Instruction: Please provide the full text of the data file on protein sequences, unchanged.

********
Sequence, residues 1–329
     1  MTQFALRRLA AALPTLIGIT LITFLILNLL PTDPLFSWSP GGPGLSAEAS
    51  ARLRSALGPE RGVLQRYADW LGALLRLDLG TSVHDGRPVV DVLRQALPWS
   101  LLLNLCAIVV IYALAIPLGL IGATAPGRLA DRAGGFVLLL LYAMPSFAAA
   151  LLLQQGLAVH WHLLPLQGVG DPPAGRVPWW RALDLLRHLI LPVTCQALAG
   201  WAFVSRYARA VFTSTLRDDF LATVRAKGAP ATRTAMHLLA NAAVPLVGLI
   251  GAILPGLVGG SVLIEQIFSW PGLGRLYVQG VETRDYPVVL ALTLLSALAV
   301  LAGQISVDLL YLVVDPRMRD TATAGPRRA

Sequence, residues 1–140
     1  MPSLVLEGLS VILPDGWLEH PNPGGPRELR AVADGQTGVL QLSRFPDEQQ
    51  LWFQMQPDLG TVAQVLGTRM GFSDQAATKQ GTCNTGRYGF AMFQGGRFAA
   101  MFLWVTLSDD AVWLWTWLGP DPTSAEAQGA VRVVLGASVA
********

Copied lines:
Sequence, residues 1–329
     1  MTQFALRRLA AALPTLIGIT LITFLILNLL PTDPLFSWSP GGPGLSAEAS
    51  ARLRSALGPE RGVLQRYADW LGALLRLDLG TSVHDGRPVV DVLRQALPWS
   101  LLLNLCAIVV IYALAIPLGL IGATAPGRLA DRAGGFVLLL LYAMPSFAAA
   151  LLLQQGLAVH WHLLPLQGVG DPPAGRVPWW RALDLLRHLI LPVTCQALAG
   201  WAFVSRYARA VFTSTLRDDF LATVRAKGAP ATRTAMHLLA NAAVPLVGLI
   251  GAILPGLVGG SVLIEQIFSW PGLGRLYVQG VETRDYPVVL ALTLLSALAV
   301  LAGQISVDLL YLVVDPRMRD TATAGPRRA

Sequence, residues 1–140
     1  MPSLVLEGLS VILPDGWLEH PNPGGPRELR AVADGQTGVL QLSRFPDEQQ
    51  LWFQMQPDLG TVAQVLGTRM GFSDQAATKQ GTCNTGRYGF AMFQGGRFAA
   101  MFLWVTLSDD AVWLWTWLGP DPTSAEAQGA VRVVLGASVA